Friday, November 14, 2008

Excessive Compensation

by DM

I am a proponent of working hard and earning well.

There seems to have developed, however, a disconnect between the two over the past 28 years.

From the end of the World War II through 1980, the golden era of American capitalism, the average executive compensation was between twenty and forty times that of an organization's average worker's earnings. That is, if the average worker earned $20,000, the chiefs of the organization earned between $400,000 and $800,000.

Industry boomed, the rich got richer and the poor moved into the middle-class, and America was humming along.

In the late 1970s, although America was still a strong, vibrant economy (the strongest and most vibrant economy), we were mired in a short-term post-War recession. Inflation was high and to combat inflation, interest rates were high. If the market had been left to correct itself, we would have moved out of recession and inflation, and our economy would have adjusted to a post-War market.

In 1980, however, it was decided that we could not get out of our situation through patience and hard-work (virtues that had built America), that there had to be a gutting of the Federal government, a redistribution of tax dollars upward, and a shift in the distribution of profits within industry to a more top-heavy paradigm. We were promised that the money sent up would trickle down, and the economy would be the envy of the world.

Since 1980, executive compensation has sky-rocketed while average worker earnings have stagnated. Industry chiefs now earn an average of 200 - 400 times that of an organization's average worker's earnings. So, if the average worker earns $35,000, the chiefs of the organization now earn between $7,000,000 and $14,000,000.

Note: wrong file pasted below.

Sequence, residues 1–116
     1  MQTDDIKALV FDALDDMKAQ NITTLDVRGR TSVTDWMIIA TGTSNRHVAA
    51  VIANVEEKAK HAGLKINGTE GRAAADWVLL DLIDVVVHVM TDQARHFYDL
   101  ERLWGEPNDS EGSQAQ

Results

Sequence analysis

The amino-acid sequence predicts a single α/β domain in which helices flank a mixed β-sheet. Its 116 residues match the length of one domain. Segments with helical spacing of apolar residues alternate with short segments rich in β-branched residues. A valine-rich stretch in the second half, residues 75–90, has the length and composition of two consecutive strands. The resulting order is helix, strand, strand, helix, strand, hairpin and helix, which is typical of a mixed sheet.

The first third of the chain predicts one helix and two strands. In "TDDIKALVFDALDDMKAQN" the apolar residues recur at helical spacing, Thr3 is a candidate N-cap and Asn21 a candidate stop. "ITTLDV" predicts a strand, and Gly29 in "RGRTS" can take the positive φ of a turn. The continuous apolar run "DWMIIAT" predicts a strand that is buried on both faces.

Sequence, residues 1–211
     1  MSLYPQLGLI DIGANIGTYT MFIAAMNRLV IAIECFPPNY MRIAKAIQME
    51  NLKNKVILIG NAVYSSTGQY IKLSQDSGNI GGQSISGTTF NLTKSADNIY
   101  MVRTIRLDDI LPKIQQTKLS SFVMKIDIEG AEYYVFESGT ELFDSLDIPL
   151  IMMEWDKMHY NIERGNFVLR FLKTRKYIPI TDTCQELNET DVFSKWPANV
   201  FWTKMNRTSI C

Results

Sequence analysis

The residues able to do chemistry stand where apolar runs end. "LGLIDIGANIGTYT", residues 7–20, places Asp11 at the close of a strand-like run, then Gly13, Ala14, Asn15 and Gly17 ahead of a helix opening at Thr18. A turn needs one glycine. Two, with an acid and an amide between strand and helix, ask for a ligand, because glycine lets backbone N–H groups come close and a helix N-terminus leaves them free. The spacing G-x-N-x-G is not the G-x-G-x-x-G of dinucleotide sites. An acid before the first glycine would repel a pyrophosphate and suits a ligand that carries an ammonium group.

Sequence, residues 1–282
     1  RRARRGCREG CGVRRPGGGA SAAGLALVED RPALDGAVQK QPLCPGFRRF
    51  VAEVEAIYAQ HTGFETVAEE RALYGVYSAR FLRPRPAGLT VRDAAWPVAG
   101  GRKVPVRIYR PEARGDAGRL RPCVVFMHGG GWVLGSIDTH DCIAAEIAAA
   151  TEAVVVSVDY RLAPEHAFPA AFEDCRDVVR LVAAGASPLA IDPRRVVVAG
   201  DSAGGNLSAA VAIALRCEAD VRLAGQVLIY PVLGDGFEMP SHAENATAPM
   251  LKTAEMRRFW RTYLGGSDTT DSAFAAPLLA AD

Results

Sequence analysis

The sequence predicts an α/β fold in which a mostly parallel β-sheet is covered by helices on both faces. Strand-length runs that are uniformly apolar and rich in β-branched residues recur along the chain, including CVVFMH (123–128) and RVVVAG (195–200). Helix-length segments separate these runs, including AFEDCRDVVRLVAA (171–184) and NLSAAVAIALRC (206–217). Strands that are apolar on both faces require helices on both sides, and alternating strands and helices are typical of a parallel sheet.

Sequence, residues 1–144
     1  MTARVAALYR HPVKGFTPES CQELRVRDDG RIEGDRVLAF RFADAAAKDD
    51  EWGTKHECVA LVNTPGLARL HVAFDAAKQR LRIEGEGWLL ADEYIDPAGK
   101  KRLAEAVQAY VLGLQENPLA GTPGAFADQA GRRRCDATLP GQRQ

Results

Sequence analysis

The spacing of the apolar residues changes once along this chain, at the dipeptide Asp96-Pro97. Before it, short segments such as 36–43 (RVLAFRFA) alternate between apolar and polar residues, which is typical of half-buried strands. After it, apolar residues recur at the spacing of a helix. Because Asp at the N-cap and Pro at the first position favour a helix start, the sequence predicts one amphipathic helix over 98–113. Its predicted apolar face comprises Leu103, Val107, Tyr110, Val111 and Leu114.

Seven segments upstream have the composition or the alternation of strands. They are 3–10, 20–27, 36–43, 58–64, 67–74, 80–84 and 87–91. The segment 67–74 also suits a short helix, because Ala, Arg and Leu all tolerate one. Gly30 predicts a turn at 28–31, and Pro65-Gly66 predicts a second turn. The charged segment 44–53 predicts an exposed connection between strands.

Our economy is no longer vibrant, nor is it the envy of the world. It's a bit of a shambles.

I can't help but think that it is not the salary of the average Joe over the past twenty-eight years that has caused the economic problems we are facing. Executive compensation is absurd. Chiefs who drive companies into the ground have press conferences where they say that the company is no longer viable because of union contracts, health costs, and pensions, and as the company disappears they float away with golden parachutes and bonuses of 8- and 9-figures.

Still we hear the conservatives who have promoted this economic plan deride the value of the worker, accuse unions of extorting business, and call for further gutting of the government. (Which government, by the way, IS the people of the United States.)

I understand why the rich defend these practices and continue to vote for officials who believe that the theory of supply-side economics is a success and promote a so-called conservative agenda. What I don't understand is why working people defend these practices and continue to vote for officials who promote these theories and a conservative agenda. And the odd part is that the areas with the most poverty, the poorest of the poor, are the areas and people who most stridently support the conservative agenda.

Perhaps I should just ignore it all and enjoy the fruits of my labor (which are not insubstantial); but, this stuff eats at my conscience. I wonder how any working-class . . . er, excuse me, middle-class person can conclude that Reaganomics has succeeded and that we are better-off with a conservative agenda.

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